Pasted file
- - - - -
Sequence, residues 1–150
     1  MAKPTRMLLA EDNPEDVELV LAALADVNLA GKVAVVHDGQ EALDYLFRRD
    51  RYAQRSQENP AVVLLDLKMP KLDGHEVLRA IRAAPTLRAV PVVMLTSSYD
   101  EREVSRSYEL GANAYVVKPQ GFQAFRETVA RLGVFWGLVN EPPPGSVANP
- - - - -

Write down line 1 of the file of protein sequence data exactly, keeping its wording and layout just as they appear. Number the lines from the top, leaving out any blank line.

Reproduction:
Sequence, residues 1–150